So much is said about losing weight that sometimes it can be hard to sort fact from fiction. There is no shortage of novelty diet programmes promising speedy weight loss, however fad diets can cause physical discomfort, damage our health and can also be monotonous making them difficult to stick to.
Most diets, no matter how wacky, that provide a set of rules and encourage people to eat fewer calories than they need, will result in weight loss. But are fad diets healthy, can they be maintained and do they help people keep the weight off?
Low-carbohydrate diets can be high in fat
Some diets, such as the Atkins diet, are very low in starchy carbohydrates (pasta, bread, potatoes and rice ) which are an essential source of energy. While you may lose weight on these types of diets, they are often high in protein and fat and can cause side effects such as bad breath, headaches and constipation. Many low-carbohydrate diets allow you to eat foods high in saturated fat, such as butter, cheese and meat. Too much saturated fat can raise your cholesterol and increase your risk of heart disease and stroke.
Detox diets are not effective
Detox diets are generally restrictive and difficult to stick to, as they usually involve the avoidance of foods or food groups including wheat, dairy and alcohol as well as all processed foods. These diets are characteristically low in calories which can lead to side effects such as feeling tired, headaches, light-headedness and nausea. While weight loss experienced on a detox diet may be very rapid, it is frequently regained soon after returning to normal eating patterns. Moreover, they can be dangerous if followed for a long period as they can be lacking in essential nutrients. Healthy eating is about choosing a variety of foods from all the different food groups!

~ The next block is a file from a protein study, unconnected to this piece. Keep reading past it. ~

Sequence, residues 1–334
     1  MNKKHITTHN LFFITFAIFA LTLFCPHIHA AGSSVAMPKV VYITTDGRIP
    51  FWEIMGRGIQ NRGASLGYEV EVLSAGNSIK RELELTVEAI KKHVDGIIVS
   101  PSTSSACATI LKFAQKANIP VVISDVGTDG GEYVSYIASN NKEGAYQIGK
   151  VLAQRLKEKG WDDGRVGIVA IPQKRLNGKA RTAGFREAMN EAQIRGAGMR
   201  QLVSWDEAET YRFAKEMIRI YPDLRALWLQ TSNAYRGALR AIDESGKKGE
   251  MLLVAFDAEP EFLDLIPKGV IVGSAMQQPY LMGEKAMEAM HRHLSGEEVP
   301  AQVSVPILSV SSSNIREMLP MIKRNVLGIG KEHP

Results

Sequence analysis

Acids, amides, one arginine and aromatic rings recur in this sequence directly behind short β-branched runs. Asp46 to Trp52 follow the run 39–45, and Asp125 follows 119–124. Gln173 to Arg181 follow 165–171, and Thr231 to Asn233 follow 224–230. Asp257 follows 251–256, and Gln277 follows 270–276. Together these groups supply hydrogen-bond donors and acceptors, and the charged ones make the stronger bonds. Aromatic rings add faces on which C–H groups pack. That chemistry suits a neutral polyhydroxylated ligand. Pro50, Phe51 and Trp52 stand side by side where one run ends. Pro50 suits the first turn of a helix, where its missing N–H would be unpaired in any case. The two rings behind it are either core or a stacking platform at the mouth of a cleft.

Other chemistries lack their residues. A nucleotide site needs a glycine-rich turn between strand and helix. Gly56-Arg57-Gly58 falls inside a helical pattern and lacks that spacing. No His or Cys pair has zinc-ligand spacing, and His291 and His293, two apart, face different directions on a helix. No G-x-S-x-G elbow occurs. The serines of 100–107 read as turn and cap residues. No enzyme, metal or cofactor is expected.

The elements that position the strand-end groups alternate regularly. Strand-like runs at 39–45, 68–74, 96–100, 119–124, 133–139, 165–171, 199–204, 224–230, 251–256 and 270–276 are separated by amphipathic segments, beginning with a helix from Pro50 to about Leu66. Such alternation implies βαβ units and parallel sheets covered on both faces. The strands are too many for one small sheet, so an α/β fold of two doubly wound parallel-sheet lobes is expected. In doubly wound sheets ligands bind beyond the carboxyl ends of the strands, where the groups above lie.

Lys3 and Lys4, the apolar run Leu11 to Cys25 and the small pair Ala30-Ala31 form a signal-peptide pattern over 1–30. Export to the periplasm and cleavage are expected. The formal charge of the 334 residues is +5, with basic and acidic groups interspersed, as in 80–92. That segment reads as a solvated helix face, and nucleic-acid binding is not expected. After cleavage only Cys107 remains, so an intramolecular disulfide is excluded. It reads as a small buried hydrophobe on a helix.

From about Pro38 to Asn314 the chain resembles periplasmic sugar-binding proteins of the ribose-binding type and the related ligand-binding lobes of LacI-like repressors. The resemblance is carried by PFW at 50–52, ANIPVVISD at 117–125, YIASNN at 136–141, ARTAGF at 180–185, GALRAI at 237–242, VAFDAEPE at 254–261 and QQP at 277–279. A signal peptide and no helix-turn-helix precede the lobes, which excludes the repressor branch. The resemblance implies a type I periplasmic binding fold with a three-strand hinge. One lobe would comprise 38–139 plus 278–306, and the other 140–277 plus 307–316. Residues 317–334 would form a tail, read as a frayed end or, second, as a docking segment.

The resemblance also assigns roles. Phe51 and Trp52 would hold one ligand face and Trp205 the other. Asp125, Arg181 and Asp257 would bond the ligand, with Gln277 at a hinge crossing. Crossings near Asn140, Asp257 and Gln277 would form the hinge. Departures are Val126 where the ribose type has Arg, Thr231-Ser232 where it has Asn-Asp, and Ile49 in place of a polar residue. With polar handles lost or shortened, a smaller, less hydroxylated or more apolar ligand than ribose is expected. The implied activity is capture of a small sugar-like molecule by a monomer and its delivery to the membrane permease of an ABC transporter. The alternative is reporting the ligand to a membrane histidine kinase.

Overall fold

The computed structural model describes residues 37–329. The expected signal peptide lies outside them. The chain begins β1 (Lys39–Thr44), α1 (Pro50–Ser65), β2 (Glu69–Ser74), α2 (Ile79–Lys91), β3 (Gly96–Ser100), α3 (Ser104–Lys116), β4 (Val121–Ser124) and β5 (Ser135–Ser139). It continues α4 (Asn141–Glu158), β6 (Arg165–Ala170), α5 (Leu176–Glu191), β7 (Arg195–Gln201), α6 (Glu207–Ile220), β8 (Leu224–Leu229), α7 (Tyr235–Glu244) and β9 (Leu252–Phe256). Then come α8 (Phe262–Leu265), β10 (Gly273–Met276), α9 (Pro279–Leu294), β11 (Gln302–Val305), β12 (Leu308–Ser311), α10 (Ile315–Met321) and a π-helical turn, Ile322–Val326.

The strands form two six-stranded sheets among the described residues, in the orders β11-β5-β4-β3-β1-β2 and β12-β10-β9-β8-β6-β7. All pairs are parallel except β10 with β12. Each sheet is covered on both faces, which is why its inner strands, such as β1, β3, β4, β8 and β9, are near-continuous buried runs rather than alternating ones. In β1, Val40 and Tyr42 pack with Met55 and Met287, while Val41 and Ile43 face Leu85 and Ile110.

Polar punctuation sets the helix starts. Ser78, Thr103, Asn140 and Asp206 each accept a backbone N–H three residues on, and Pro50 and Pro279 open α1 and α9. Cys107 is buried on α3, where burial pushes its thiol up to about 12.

Fad diets are often far-fetched
Some fad diets are based on eating a single type of food, such as cabbage soup or raw foods, while others make far-fetched claims that you should cut out certain foods based on your blood type. Often, there is little or no evidence to back these claims up. These diets can be difficult to keep to in the long term and if followed over long periods, they can be very unbalanced and bad for your health. You may lose weight in the short term, but it’s much more advisable to lose weight gradually and to be healthy.
Croí have developed a dietitian-led weight management course, which takes a holistic approach to managing you weight, and is based on best practice in dietary advice. It provides participants with expert guidance on all aspects of healthy eating, exploring issues such as your relationship with food; understanding food labels and controlling portion sizes.
Book your place on the six-week weight management course commencing Monday 12th May 11am - 12pm or Tuesday 13th May 6.30pm - 7.30pm visit www.croi.ie/WeightManagement or phone (091 ) 893500. Healthy eating and weight loss tips can be found on www.croi.ie